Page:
It’s Virtually a $75 Reality

“I shall call him Stitch Face”

Charlie Nash is back and I’m not sure if he’s better than ever with that face. The game does does look superb though. I may pre-order for the beta code but I don’t know if I’ll keep my pre-order. Especially not for $74.99.

Upcoming new releases listed at $74.99

It seemed like it was just yesterday that we saw Canadian video game prices rise from $59.99 to $69.99.

It was actually just little over a year ago.

I’m still not used to seeing $69.99 MSRP and retailers and/or publishers have already raised prices by another $5. It matches the exchange rate but it’s still an unattractive proposition and will undoubtedly affect the buying habits of most consumers. I am very curious how these price hikes have affected the new generation console adoption rates. Imagine having to pay $74.99 for The Order: 1886? Imagine paying $499.99 for a PlayStation 4?

I wouldn’t be surprised to see Sony raise the MSRP of the PlayStation 4. They did it once already.

For myself? It’ll just mean longer waiting times for games to get to my price point. On the plus side, it gives us all more reasons to delve into our backlogs.

Virtual Reality

These are the questions that I ask myself before I buy anything:

  • What are the additional costs?
  • Does it integrate well with my current flow?
  • If not, Is it worth the hassle?
  • If it’s expensive, will I be able to enjoy it for years to come?
  • How quickly will it be dated?

Most of these are giant question marks and I don’t see myself finding convincing answers for them any time soon. I hope the upcoming VR extravaganza at next week’s GDC will yield more concrete information but I’m not getting my hopes up whatsoever.

It’s difficult for me to get excited for virtual reality because it goes against the way I play games. I’m not against the idea of total immersive view of a virtual world but to me, it’s like a racing wheel, a DDR pad or a fighting stick; it’s appealing for only certain genres. I can see myself wanting to use this in a game like MechWarrior: Online but how often do I play that these days?

For now, I’m treating it like an arcade machine. I’m sure it’s amazing and fun but I don’t want to actually own one just yet.

Random Thought of the Week

If you’ve ever wondered how player ratings are calculated in sports titles, read this excellent piece by FiveThirtyEight Sports

Checkpoint: Deals Without Borders Edition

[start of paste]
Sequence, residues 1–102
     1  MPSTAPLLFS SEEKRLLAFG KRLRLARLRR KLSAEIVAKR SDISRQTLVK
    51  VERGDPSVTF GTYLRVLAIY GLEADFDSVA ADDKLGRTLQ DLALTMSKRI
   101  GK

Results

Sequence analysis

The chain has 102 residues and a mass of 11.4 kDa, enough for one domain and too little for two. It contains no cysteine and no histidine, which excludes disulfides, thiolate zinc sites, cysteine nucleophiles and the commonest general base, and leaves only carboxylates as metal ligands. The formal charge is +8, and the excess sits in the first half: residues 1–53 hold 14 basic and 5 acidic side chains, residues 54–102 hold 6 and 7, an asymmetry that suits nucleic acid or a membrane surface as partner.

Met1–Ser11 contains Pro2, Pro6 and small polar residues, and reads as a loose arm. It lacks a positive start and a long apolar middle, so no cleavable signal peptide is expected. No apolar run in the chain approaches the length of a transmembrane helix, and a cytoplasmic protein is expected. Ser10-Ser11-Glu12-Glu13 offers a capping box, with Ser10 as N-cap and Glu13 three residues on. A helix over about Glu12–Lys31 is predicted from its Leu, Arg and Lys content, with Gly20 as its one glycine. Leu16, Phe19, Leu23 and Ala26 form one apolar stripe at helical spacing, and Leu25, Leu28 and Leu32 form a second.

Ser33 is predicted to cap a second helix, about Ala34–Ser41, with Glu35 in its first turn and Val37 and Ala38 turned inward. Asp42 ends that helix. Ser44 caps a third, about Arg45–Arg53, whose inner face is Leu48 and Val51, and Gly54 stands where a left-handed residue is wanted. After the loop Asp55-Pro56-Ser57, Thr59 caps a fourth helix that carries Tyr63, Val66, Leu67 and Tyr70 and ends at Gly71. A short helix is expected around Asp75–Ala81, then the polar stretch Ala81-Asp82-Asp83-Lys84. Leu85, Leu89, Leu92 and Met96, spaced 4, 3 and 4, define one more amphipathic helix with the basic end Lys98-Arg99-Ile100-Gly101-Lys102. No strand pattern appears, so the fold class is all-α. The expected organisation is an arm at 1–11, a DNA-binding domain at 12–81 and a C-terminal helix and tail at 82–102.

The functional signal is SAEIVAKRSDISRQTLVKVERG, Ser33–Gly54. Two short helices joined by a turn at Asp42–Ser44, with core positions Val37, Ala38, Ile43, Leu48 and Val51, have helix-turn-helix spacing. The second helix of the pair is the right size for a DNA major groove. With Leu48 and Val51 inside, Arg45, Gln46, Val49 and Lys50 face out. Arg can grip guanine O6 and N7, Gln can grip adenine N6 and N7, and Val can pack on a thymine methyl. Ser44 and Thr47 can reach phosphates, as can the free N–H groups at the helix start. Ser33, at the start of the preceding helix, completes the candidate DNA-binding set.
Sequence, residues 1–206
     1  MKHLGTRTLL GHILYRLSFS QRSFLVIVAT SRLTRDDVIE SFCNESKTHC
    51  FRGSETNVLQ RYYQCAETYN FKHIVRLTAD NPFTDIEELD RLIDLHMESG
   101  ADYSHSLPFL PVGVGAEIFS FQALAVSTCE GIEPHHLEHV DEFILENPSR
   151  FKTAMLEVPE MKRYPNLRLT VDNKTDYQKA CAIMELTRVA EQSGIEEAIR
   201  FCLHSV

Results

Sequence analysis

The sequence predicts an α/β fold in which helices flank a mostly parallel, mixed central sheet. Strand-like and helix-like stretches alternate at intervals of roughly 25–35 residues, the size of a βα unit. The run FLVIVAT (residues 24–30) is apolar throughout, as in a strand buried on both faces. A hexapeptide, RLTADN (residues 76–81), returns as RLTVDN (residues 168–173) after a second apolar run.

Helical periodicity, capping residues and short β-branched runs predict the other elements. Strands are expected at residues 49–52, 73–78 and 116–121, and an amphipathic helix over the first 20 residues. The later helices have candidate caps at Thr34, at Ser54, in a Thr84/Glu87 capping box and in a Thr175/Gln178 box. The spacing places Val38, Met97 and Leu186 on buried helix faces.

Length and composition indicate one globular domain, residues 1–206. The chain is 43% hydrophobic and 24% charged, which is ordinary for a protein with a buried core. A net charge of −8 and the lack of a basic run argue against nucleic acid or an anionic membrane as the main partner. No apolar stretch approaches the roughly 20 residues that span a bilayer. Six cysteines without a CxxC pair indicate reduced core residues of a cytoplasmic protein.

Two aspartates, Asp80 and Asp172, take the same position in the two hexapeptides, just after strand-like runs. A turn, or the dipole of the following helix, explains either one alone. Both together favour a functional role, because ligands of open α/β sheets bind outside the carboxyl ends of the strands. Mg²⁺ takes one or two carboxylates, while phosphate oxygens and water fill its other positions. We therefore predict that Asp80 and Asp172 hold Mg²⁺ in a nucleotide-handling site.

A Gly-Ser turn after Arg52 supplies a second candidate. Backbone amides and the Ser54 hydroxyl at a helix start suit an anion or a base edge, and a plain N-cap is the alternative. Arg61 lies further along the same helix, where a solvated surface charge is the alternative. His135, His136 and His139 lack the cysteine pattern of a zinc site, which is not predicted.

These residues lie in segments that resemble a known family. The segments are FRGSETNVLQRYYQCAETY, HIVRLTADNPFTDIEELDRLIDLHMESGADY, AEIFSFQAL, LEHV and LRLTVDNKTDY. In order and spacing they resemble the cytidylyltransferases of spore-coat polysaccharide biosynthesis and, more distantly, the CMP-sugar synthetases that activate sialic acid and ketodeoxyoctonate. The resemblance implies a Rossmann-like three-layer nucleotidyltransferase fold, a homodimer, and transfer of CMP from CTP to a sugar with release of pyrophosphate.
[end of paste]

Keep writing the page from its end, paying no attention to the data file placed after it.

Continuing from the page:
Checkpoint - Deals Without Borders Edition

As someone who follows gaming deals, it pleases me greatly to see previously U.S exclusive deals make their way north.

Target’s Canadian presence brought aggressive promotions like the recent “buy 2, get 1 free” video game sale. The only downsides to this deal are the limited store locations and the limited stock. It’s why I’m not a fan of posting retail deals like this; I don’t want to waste people’s time.

But Target’s efforts were not for naught. Big box stores like Target and Walmart make waves with their sales — so much so that will likely match or mimic.

I say mimic because’s take on these deals have either been slightly better or slightly worse. They also fail to clearly establish the terms and conditions from the get go and thus the sale will warp and confuse during the first couple of days.

The $69.99 MSRP sucks but regular sales like this helps dampen the sting of that price increase. It also highlights the fact that a little patience (emphasis on little) will pay off.

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A reminder on how expensive consoles were

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The Nintendo Entertainment System was $200 when it debuted in 1986 but adjusted for inflation and that number balloons ups to $412. That’s the price of a PlayStation 4.


Looking back on it, the Dreamcast provided an incredible value at $200. Remember: this was cutting edge graphics on a console at the time. And with titles like SoulCalibur and PowerStone (a couple of DC classics) at launch, it’s a damn shame that it died so prematurely. An argument could be made for the GameCube but its launch library wasn’t nearly as impressive.

Checkpoint: Post-E3 2014 Pre-orders Edition

Checkpoint - Post-E3 2014 Pre-orders Edition

Now that E3 2014 is over, it’s time to tally up all the games that I had on pre-order. This year was extra confusing because entered the E3 pre-order promotion mix for the first time. Normally that wouldn’t be a fumbling point but’s promotion morphed throughout the four days.

It started with 30% off three or more titles with many titles priced at  $59.99. By the end, it ended up being 18% off. Then there were titles listed in their promo page that weren’t eligible. On top of that there were a few titles that ended up being cheaper at because of how the math worked. But then you realized that some titles weren’t available for pre-order at but were available at, so then you had to come up with more titles to pre-order in order to take advantage of the discounts. And I didn’t even mention the random cock ups by

It was a mess but I got my games in and I was happy. I had to make a Google Docs spreadsheet in order to track where every game was but here is the official breakdown:

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